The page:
There are approximately 4,000 people hoping to get to Europe in Greece's Lesbos island. Most of them departed from Turkey by boat. Six boats carrying approximately 50 people arrive to the beaches of Lesbos daily. 100 people have died and at least 3,100 people were lost in the sea due to capsizing of boats on the way to Greece this year.
UN records declare among the causes of death are “because frustrations experienced by migrants resulting in tensions are getting out control.” One of the reasons of this “rising tension” — which caused 7 deaths (4 of them were children) on October 16 — is migrants' fear of Europe's closing borders. But Europe keeps calm and is placid while accepting the migrants in a systematized way. There is no doubt that the migrant issue has caused a stir in Europe's stable agenda, but it is not such a big issue as seen from Turkey.
The Latest on migrants/refugees: Greek prime minister laments migrant tragedies, blames Western nations: https://t.co/LaVXxrf0HJ— The Associated Press (@AP) October 30, 2015
While we are focusing on migrants' stories, Europe is focused on their system. Municipalities integrate every single refugee, who manages to pass the border into Europe's social security system, in terms of welcoming, registering, providing temporary or permanent shelter, household goods, income, language lessons, children's education, and employment. It's not a severe crisis — except that the integration takes time, there is a rising need for employment and refugees are in fear that the existing social benefits and help would disappear. NGOs are organized through social networks, though there are not many Turkish institutions. There is an allocated budget for language education for the migrants. Although it is expected that migrants will learn the language of the country in 1.5 years.
Most of the refugees are men. This is why the Dutch ultra-rightwing leader defines them as “testosterone bombs.” This has echoed in public discourse as well — Dutch protesters in a campaign against the mayor call refugees “pedophiles” as some of them get married at an early age. Although this and other similar marginal reactions make the headlines, majority of the people do not agree with these opinions and outcries and regard them as “freedom of expression.” The influx of refugees is also a cause for the rightwing European parties and leaders getting more votes. But experts don't see them being elected. For instance, it is widely believed that the Dutch King never gives a mandate to Geert Wilders to form his government.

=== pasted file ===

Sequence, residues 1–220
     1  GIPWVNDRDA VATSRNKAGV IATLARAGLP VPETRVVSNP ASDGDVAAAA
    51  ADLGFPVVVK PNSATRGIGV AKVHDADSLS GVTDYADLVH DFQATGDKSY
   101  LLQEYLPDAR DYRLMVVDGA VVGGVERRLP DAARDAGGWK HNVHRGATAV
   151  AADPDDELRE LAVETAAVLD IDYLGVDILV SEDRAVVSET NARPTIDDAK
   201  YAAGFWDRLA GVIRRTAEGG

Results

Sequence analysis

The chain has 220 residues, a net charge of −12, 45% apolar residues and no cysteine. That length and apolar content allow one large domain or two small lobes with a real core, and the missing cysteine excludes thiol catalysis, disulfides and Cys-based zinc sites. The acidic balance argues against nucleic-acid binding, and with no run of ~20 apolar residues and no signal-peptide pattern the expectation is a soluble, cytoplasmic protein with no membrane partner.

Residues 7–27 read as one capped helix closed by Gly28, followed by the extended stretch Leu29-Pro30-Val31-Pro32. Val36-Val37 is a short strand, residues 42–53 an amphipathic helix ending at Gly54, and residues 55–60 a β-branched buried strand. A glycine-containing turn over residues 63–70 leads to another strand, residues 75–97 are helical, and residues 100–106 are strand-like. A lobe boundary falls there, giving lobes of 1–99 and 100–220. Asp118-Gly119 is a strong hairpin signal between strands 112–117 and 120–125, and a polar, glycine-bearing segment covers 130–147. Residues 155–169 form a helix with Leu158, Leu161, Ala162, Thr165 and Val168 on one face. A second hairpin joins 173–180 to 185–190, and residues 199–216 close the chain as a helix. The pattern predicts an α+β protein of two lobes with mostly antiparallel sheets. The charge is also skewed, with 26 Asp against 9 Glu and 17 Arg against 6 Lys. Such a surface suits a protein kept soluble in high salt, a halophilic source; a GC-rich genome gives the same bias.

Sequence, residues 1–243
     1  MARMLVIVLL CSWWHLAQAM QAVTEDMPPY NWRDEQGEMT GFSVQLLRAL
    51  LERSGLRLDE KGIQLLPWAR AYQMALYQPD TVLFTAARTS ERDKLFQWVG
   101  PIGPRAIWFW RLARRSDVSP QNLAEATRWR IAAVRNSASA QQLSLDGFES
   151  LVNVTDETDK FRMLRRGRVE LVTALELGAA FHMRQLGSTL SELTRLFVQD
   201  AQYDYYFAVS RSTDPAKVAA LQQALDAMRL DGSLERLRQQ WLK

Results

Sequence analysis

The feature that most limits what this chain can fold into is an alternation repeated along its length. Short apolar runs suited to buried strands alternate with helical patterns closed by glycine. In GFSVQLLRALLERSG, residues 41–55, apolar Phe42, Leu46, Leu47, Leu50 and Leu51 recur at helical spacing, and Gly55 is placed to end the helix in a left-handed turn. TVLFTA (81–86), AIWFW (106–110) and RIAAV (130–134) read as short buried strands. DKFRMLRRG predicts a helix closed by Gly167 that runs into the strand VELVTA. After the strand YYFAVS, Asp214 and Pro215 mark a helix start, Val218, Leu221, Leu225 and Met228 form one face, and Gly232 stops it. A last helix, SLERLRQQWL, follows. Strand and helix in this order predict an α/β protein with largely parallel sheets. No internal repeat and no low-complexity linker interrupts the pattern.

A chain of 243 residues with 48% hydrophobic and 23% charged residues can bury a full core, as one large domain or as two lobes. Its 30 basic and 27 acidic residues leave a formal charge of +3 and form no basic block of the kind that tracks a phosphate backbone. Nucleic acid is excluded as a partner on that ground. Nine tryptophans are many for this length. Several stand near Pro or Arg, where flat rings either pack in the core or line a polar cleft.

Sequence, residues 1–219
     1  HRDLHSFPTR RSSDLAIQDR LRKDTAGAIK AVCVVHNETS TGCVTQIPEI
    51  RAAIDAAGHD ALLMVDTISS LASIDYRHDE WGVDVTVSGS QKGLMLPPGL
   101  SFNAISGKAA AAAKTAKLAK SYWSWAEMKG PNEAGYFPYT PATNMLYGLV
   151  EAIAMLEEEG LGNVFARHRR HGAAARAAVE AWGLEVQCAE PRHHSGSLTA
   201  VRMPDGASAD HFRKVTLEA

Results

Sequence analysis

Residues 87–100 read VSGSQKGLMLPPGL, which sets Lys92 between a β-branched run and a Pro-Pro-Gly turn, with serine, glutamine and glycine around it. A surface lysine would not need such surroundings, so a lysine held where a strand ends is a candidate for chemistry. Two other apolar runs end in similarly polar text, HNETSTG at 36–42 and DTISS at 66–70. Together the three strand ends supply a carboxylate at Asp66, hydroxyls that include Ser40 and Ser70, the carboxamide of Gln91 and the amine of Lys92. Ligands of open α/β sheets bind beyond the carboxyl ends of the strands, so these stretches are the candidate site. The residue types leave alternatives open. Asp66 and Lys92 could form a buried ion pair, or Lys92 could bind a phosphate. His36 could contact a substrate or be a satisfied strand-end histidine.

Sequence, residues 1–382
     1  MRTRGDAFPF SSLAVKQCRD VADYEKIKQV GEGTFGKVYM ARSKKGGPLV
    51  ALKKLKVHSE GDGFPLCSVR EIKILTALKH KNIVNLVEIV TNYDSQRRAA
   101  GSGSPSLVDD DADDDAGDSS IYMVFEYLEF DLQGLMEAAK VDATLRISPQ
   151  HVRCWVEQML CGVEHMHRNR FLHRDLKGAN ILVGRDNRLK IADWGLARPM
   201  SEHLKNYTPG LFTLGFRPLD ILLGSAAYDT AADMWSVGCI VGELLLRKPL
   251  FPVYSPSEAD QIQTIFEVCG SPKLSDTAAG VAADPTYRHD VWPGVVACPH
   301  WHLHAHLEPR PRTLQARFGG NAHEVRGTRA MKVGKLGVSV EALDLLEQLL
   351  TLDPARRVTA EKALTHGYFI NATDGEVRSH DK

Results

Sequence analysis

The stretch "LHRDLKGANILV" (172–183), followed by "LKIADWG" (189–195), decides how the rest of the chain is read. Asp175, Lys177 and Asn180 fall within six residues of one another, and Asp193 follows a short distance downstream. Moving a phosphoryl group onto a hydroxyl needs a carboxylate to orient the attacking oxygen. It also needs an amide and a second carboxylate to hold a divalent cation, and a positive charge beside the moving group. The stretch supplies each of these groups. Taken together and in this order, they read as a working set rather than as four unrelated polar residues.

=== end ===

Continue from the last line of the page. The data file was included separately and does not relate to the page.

Almost all of the refugees to Europe are well-trained, well-dressed, they use social media. They are aware of the social systems and the rights of all the European countries and they are demand those rights. Meanwhile, there are not only Syrians in this refugee influx. There are migrants from Afghanistan, Somalia, and Eritrea, for example, and some of them have to be separated. In Europe some regard opening of borders to migrants as a duty, while others consider it as a danger to the welfare system. Salafi movements (an ultra-conservative orthodox movement within Sunni Islam)are watched closely in all of Europe. But they don't prevent Salafists from entering into refugee camps and setting up dialogues. In short, everything is under control.
Centers of 10 Largest Arms Factories are in the US and Western Europe
In the meantime, there is a huge difference between Western Europe's income through arms sales and money spent on refugees. For instance, England was the second in the list of countries to sell most arms in 2013. But the French have had the biggest increase in armament sales. Ten largest arms manufacturers are in the US and Western Europe. Their share in sales in 2013 has been 50.3%. The volume of arms transfers between 2010-2014 is 16% higher that it was between 2005-2009. Five largest exports between 2010-2014 belong to the US, Russia, China, Germany, and France. These constitute 74% of all arms sales. Though the countries where those arms are sent to are the same. Arms import has increased to 45% in Africa, 37% in Asia and Australia, 25% in the Middle East.